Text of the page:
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The sun. [volume] (New York [N.Y.]) 1916-1920, December 25, 1917, Image 8

Image and text provided by The New York Public Library, Astor, Lenox and Tilden Foundation

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New Version of Famous Story
of Diunos Is Made by
Edward Sheldon.
mom: of romance now
Conway Tonrlc, Holbrook
Blhui nnd Rose Coghlun
Others in the "Cast.
"The Idy of tlif Csmflllan" .. h
Kniplrc. .
Armand Duval Conway Tarle
Ooorc.f Duval father,
llotbrook nilnn
rtlnrs d'Aurrc Churl. i Wallnc
Rule tlf Varvlllr t'frcy M.irmont
Oatton ltleux Lonrd Mudls
Uuitave Kojcr Charlea F. Coehlan
St. Oaud.ns Maxwell Ityilc.r
Dr. Ouerln Wallace Ersklna
Marcuerlte Oautlcr. . ..Kthel Barrymore
Ume. Prudence noae Cofhtan
Nkhetle Duprnt Mary Worth
Kanlne Mary Hampton
Olympe Oranler Edith Walker
CUmenc Shirley Aubert
Ethel Barrymors added a new rolo to
her repertoire last night when sho acted
Mnriruertte Qautier In Dumas's old play
Uit has been known In the. vernacular
tor years as "Camlllc." Edward Shel
don had prepared a new version for this
performance at the Kmplre Thentre,
which was Intended to bring the piece
mare In accordance with modern taste
by sinking: It a tittle more deeply Into
the mist of romance. So this classic of
the nineteenth century theatre will not
be made to appeal to the present gener
ation through Its realism. Following the
Initiative of the opera stage, which had
begun to find Dumas's play, even wrth
the aid of Verdi's music, a little rococo,
tk characters wore the costume of "the
period." As If Camlllc, all ecstasies
and germs and a temperature, ever be
longed to a "period."
At an earlier time an actress of Miss
Barrymore' reputation would have to
play Camilla at a much earlier stage of
har career. It was a hurdle they all had
to take on the road to fame. Come
diennes did not hesitate to try the role
for Ita possibilities In the earlier periods.
Bvsn tragediennes took their ciianceson
the scene with old Dura!.
But Camdle was primarily the posses
sion of the "tear producer." It was she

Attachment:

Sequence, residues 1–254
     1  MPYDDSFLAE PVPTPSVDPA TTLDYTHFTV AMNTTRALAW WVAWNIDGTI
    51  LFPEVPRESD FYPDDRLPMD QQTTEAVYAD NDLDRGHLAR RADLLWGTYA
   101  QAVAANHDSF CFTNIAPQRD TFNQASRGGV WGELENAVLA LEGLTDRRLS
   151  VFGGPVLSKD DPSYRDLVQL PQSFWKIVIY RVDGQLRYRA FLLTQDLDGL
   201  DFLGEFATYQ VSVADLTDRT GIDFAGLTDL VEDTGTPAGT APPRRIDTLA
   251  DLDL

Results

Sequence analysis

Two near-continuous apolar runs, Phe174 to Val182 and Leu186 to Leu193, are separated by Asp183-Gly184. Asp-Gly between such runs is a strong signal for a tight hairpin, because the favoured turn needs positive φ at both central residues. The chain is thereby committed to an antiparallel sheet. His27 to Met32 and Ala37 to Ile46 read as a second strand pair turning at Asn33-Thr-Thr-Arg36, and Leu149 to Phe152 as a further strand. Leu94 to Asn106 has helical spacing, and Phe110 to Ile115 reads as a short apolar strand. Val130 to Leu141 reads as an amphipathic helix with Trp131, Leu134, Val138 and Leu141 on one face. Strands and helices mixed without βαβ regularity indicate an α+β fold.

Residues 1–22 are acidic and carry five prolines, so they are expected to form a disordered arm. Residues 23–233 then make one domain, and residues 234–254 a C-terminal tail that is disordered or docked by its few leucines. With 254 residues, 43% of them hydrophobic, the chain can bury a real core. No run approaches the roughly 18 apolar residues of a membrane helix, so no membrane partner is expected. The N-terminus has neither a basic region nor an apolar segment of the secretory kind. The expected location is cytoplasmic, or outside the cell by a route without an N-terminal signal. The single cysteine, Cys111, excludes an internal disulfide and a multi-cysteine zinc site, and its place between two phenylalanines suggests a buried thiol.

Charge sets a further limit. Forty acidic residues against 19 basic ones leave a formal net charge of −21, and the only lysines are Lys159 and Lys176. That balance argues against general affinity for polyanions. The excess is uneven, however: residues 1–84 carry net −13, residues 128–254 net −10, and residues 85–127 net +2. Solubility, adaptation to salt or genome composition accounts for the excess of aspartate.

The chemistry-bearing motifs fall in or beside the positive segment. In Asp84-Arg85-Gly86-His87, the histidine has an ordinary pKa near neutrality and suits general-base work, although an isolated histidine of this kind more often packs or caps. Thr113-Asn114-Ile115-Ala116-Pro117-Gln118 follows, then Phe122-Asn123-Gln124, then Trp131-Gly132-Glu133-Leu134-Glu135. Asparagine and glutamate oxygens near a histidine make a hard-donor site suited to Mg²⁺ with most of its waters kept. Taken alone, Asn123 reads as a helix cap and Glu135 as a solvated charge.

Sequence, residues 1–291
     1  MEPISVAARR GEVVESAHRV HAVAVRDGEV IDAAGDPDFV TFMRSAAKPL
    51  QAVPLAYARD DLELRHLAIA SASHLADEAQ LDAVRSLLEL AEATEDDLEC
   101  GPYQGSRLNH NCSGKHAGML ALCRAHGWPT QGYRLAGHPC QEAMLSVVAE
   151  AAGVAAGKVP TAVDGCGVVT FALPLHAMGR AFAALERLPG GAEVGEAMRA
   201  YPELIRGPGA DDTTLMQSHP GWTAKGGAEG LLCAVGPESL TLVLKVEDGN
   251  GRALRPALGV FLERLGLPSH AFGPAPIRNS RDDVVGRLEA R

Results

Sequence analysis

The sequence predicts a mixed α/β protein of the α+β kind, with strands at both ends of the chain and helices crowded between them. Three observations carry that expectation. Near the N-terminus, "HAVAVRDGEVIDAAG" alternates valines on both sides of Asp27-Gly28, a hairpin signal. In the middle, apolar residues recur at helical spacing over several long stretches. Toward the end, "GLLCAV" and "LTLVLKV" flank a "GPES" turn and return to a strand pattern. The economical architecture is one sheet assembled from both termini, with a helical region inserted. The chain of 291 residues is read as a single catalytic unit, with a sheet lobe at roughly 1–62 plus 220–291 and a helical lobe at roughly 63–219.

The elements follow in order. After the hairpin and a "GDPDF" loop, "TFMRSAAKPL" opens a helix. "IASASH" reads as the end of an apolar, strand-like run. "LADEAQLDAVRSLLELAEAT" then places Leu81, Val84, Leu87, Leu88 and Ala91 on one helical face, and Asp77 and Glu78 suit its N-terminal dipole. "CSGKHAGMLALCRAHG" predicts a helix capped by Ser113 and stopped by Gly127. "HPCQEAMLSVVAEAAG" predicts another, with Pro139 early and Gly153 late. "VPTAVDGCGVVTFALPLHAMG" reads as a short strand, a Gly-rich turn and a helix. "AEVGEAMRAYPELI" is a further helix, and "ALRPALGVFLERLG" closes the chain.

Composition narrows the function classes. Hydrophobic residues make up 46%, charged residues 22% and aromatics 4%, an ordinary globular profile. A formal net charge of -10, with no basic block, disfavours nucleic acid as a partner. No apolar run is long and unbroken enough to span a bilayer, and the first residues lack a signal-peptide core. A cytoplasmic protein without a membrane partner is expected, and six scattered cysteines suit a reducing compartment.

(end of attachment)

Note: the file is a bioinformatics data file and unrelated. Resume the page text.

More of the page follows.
who for years revelled In Its "emotional"
power and waxed great on its powerful
appeal to the tear ducts of tho women.
Embellished Prom Novel.
Edward Sheldon, whose name did not
appear on the programme. Is said to
bar returned to the novel of Duma
for the change which he made In the
play, which remains In Ita essential
points, however, the drama familiar for
so many years. His embellishments,
eta tho auction sale of the pos
ooaaions of JbTarpuerWe, the masked ball
jkS other Incidents probably helped to
aaaka the pleoe more acceptable to the
Shows Territory in France Occupied
-p HE NEW YORK TIMES has had especially pre
pared for its readers, by C. S. Hammond & Co., a
large map of the war front in Belgium and France,
66 x 56 inches, which will be published in five parts in
the Rotogravure-Picture Sections of Sunday editions
of The New York Times December 30 and January 6,
18, 20 and 27, one part on each date. These parts,
when mounted on cloth, are well worth three dollars.
DY subscribing for The New York Times, daily
and Sunday editions, for the month beginning
December 30 this map can be obtained FREE.
America's position in the
war and her duty and destiny
after the war will be discussed
by a distinguished American
jurist in articles in The New
York Times during January.
The writer will picture the
conditions that will confront
present generation of theatre goers. At
tho close of the play Armand Is stfll
found In the empty room nf the woman
he had loved In life: so the story tint
nns passrd beforo the eyes of the audi
ence has been but his memories of their
iovo u flair.
Probably In reducing the old piece to
the terms of Miss Uarrymore's artistic
methods and personality, he has accom
plished his prlnclp.il work. Certainly
some of the thrill of the old scenes was
missing. It may have been that Its
rat.ier modern garniture obscured the
Intorcvt of tho thrd act for Armand'a
annunciation, although Mr, Tcarlo de
livered them with sincere vehemence,
made little Impression on tho ntidlence.
ItiJced Dip uctor In tho costume of a
toreador was not himself an Impressive
or romantic llgure. None of the rev
ellers In this festivity was notably beau
llfut or extravagant In his dress.
Miss llnrrymore's Acting.
Mlfs Barrymore, whoso unique love
liness Is girlish aguln, acted the role
of the distraught courtesan with her
own-simple pathos and with a tremukms
sensitiveness of sorrow that was fex
qtVsltely natural. Jn the scene with the
father nf her lover she was perhaps
at her best, since, her manner of depict
ing a gentle and loving nature broken
under a great sorrow, was poignantly
touching. In Its whole Interpretation
her Marguerite Oantier Is Indescrlably
tender un.l gentle. Of the mote moving
emotional aspects of the character she
endeavored to give no suggestion, which
Is probably the only way In which tho
famous heroltfe could be realised again
to-day and appeal to the taste of the
It may have been this method ot
representing the dominating figure that
gave ono always the Impression that
this was "The Lady of the Camellias,"
ns the play might have looked through
the wrong end of an ojera glass. It
all seemed unusually small. Holbrook
Hllnn made a dignified Duval and Rose
Coghlau as a I'mdence, exaggerated In
lpngth out of all relation to tho Im
portance of the character, was amus
ing. I'ercy Marmont kept Rene from
being Insignificant, and the less Im